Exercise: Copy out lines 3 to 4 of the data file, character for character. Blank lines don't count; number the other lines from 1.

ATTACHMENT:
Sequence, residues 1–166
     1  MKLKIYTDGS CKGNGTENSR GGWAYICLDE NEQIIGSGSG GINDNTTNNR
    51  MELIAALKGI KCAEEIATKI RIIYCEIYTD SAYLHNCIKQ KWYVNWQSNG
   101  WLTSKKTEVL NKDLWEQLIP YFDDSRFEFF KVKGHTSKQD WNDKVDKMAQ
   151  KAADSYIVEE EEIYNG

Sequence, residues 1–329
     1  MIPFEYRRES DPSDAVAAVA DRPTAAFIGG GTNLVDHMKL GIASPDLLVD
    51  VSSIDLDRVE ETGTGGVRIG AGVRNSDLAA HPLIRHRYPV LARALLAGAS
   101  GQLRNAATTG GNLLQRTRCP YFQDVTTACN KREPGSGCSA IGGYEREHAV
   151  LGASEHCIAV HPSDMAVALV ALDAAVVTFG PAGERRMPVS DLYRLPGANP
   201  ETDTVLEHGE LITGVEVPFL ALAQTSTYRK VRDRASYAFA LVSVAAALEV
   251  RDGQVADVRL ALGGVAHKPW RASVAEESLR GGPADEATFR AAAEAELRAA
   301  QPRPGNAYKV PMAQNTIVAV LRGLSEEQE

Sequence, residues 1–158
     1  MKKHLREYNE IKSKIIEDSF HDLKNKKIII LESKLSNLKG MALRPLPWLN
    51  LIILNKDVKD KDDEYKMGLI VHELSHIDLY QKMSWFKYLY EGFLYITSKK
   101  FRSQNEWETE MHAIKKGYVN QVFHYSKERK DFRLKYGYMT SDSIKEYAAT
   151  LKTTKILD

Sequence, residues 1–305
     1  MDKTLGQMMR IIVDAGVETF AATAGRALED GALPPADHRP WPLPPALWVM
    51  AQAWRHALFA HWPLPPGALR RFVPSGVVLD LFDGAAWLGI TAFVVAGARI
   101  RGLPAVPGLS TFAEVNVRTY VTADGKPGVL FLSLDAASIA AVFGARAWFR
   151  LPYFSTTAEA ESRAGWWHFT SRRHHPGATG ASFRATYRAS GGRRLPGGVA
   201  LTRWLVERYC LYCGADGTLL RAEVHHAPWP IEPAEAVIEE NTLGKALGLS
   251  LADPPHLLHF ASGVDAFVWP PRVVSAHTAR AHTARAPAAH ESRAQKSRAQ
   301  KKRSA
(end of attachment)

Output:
    51  MELIAALKGI KCAEEIATKI RIIYCEIYTD SAYLHNCIKQ KWYVNWQSNG
   101  WLTSKKTEVL NKDLWEQLIP YFDDSRFEFF KVKGHTSKQD WNDKVDKMAQ